but without lifting up his eyes. Jacob. and weary journeys lie before me!’ It was a habit with Scrooge. ‘Slow!’ the Ghost repeated. ‘No rest. or getting off his knees. ‘You must have been very slow about it. ‘Seven years dead. Nor can I tell you what I would. I cannot stay.A Christmas Carol ‘I have none to give.’ Scrooge observed. ‘On the wings of the wind.’ said the Ghost. to put his hands in his breeches pockets. is all permitted to me. ‘And travelling all the time!’ ‘The whole time. whenever he became thoughtful. A very little more.’ replied the Ghost. no peace.’ ‘You travel fast?’ said Scrooge. I cannot linger anywhere. he did so now. and is conveyed by other ministers. to other kinds of men.’ the Ghost replied. I cannot rest. 28 of 138 . ‘It comes from other regions. Pondering on what the Ghost had said. My spirit never walked beyond our counting-house — mark me! — in life my spirit never roved beyond the narrow limits of our money-changing hole. in a business-like manner.’ mused Scrooge. though with humility and deference. Incessant torture of remorse. Ebenezer Scrooge.

’ cried the phantom. ‘not to know. Jacob. ‘Mankind was my business. ‘Business!’ cried the Ghost. set up another cry. ‘Oh! captive. and benevolence. mercy. wringing its hands again.’ faltered Scrooge. by immortal creatures.’ said Scrooge. were. who now began to apply this to himself. The Ghost. Not to know that any Christian spirit working kindly in its little sphere. on hearing this. will find its mortal life too short for its vast means of usefulness. Not to know that no space of regret can make amends for one life’s opportunity misused! Yet such was I! Oh! such was I!’ ‘But you were always a good man of business. The dealings of my trade were but a drop of water in the comprehensive ocean of my business!’ 29 of 138 . my business. that ages of incessant labour. all. and double-ironed. that the Ward would have been justified in indicting it for a nuisance. forbearance.A Christmas Carol ‘You might have got over a great quantity of ground in seven years. The common welfare was my business. charity. for this earth must pass into eternity before the good of which it is susceptible is all developed. bound. and clanked its chain so hideously in the dead silence of the night. whatever it may be.

’ said Scrooge.’ said Scrooge. and never raise them to that blessed Star which led the Wise Men to a poor abode! Were there no poor homes to which its light would have conducted me!’ Scrooge was very much dismayed to hear the spectre going on at this rate. and began to quake exceedingly.’ pursued the Ghost. ‘I am here to-night to warn you.’ ‘I will. I have sat invisible beside you many and many a day. Scrooge shivered. and flung it heavily upon the ground again. Why did I walk through crowds of fellowbeings with my eyes turned down. and wiped the perspiration from his brow. ‘Hear me!’ cried the Ghost. that you have yet a chance and hope of escaping my fate. ‘At this time of the rolling year. ‘That is no light part of my penance. Jacob! Pray!’ ‘How it is that I appear before you in a shape that you can see.’ ‘You were always a good friend to me. A chance and hope of my procuring.’ It was not an agreeable idea.’ the spectre said ‘I suffer most.A Christmas Carol It held up its chain at arm’s length. I may not tell. as if that were the cause of all its unavailing grief. ‘But don’t be hard upon me! Don’t be flowery. ‘My time is nearly gone. Ebenezer. ‘Thank ‘ee!’ 30 of 138 .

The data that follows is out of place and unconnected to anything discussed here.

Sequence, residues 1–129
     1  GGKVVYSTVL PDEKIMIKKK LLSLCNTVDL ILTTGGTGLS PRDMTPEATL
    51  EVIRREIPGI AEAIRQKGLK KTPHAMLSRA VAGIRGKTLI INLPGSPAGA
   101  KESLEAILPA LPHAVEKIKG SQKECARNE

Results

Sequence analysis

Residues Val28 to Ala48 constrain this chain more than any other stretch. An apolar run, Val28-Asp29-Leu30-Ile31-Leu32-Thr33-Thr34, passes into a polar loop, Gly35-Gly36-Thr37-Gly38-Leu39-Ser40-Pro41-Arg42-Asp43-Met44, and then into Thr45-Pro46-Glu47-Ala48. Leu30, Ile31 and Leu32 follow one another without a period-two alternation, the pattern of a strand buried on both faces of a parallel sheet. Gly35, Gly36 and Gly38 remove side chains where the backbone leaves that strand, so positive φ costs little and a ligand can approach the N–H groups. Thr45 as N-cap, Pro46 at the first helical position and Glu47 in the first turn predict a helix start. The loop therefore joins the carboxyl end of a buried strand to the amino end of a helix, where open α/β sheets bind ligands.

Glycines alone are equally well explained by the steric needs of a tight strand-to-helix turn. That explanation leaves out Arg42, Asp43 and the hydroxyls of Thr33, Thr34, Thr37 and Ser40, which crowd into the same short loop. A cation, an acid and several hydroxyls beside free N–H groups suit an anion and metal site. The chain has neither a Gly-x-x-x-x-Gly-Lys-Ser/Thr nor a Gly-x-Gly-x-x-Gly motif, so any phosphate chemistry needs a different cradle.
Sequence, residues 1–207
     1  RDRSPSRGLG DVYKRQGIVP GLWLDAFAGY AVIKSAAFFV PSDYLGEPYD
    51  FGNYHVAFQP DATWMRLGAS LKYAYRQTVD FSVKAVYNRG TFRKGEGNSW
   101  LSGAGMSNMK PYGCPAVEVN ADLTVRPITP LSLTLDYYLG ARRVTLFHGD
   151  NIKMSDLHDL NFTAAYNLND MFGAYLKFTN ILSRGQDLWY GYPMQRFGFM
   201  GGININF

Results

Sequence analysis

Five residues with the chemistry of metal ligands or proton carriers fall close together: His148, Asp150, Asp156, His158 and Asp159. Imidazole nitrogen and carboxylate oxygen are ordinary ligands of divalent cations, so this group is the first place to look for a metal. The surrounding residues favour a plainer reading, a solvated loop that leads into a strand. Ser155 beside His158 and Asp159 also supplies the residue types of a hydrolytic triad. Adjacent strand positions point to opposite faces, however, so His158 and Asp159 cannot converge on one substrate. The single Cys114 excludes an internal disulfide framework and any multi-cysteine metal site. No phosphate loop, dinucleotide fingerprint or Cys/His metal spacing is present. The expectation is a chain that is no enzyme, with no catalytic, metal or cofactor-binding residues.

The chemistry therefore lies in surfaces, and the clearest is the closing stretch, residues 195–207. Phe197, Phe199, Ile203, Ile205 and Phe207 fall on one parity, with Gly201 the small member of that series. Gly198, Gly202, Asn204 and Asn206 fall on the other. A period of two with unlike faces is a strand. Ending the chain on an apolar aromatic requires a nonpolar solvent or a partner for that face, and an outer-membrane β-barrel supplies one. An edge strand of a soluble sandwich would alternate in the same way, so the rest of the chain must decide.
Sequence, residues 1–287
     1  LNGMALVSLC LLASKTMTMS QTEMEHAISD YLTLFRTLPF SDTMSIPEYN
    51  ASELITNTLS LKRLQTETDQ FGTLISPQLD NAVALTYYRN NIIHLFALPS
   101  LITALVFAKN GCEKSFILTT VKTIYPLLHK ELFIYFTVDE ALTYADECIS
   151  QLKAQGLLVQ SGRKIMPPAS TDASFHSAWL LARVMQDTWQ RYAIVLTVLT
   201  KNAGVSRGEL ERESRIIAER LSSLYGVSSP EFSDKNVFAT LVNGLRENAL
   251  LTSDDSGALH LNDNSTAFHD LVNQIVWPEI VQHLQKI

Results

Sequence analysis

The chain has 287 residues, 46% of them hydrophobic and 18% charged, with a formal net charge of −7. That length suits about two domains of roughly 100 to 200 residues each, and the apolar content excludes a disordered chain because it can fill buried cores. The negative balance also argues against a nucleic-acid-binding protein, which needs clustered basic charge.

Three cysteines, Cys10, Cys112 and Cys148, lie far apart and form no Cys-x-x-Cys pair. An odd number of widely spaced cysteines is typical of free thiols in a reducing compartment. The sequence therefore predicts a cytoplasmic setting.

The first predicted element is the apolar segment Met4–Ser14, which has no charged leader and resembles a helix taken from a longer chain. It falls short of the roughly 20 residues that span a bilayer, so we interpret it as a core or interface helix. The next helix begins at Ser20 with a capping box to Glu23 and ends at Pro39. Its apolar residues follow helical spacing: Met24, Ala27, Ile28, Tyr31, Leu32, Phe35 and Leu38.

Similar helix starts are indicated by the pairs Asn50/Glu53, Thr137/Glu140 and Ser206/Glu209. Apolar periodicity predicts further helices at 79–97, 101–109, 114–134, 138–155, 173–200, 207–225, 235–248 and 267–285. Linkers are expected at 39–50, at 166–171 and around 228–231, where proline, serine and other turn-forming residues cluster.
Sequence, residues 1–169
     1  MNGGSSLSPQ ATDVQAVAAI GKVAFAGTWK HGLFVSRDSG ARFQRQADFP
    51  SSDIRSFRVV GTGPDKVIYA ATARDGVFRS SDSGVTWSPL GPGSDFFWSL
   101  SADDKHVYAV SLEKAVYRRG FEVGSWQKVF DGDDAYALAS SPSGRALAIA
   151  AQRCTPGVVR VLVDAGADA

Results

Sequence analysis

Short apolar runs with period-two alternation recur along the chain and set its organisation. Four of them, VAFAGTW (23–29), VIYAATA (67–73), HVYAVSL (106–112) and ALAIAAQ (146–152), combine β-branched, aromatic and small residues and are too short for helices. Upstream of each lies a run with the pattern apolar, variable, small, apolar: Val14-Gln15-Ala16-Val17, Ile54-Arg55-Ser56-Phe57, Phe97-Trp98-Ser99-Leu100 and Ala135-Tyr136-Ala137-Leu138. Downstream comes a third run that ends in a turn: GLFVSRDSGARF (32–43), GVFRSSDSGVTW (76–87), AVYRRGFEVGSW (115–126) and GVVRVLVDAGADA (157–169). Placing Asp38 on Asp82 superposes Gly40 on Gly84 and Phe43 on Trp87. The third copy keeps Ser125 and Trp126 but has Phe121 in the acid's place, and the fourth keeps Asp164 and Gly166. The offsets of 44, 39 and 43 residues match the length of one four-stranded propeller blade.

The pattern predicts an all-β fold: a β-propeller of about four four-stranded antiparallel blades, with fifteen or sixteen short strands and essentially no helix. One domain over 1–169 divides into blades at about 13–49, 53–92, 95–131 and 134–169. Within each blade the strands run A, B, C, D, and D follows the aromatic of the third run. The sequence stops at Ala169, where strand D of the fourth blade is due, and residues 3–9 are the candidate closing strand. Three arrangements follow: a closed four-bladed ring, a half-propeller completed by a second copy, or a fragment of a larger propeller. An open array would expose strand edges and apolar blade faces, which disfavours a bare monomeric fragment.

by the smart sound its teeth made. the spectre took its wrapper from the table.’ ‘I — I think I’d rather not. you remember what has passed between us!’ When it had said these words.’ resumed the Ghost. Look to see me no more. Expect the first tomorrow. He ventured to raise his eyes again. Jacob?’ he demanded.A Christmas Carol ‘You will be haunted. Scrooge knew this. ‘you cannot hope to shun the path I tread. ‘Expect the second on the next night at the same hour. when the bell tolls One.’ ‘Couldn’t I take ‘em all at once.’ said Scrooge. and found 31 of 138 . for your own sake. and bound it round its head. when the jaws were brought together by the bandage.’ Scrooge’s countenance fell almost as low as the Ghost’s had done. ‘by Three Spirits. and have it over.’ said the Ghost. as before. Jacob?’ hinted Scrooge. ‘Without their visits. and look that. in a faltering voice. The third upon the next night when the last stroke of Twelve has ceased to vibrate. ‘Is that the chance and hope you mentioned. ‘It is.

he became sensible of confused noises in the air. as in surprise and fear: for on the raising of the hand. Every one of them wore chains like Marley’s Ghost. and moaning as they went. some few (they might be guilty governments) were linked together. which he did. Not so much in obedience. He had been quite familiar with one 32 of 138 . Scrooge stopped. and floated out upon the bleak. incoherent sounds of lamentation and regret. It beckoned Scrooge to approach. the window raised itself a little. Marley’s Ghost held up its hand. so that when the spectre reached it. When they were within two paces of each other. Many had been personally known to Scrooge in their lives. wandering hither and thither in restless haste. joined in the mournful dirge. with its chain wound over and about its arm. dark night. none were free. wailings inexpressibly sorrowful and self-accusatory. He looked out. Scrooge followed to the window: desperate in his curiosity.A Christmas Carol his supernatural visitor confronting him in an erect attitude. The spectre. it was wide open. The apparition walked backward from him. warning him to come no nearer. after listening for a moment. and at every step it took. The air was filled with phantoms.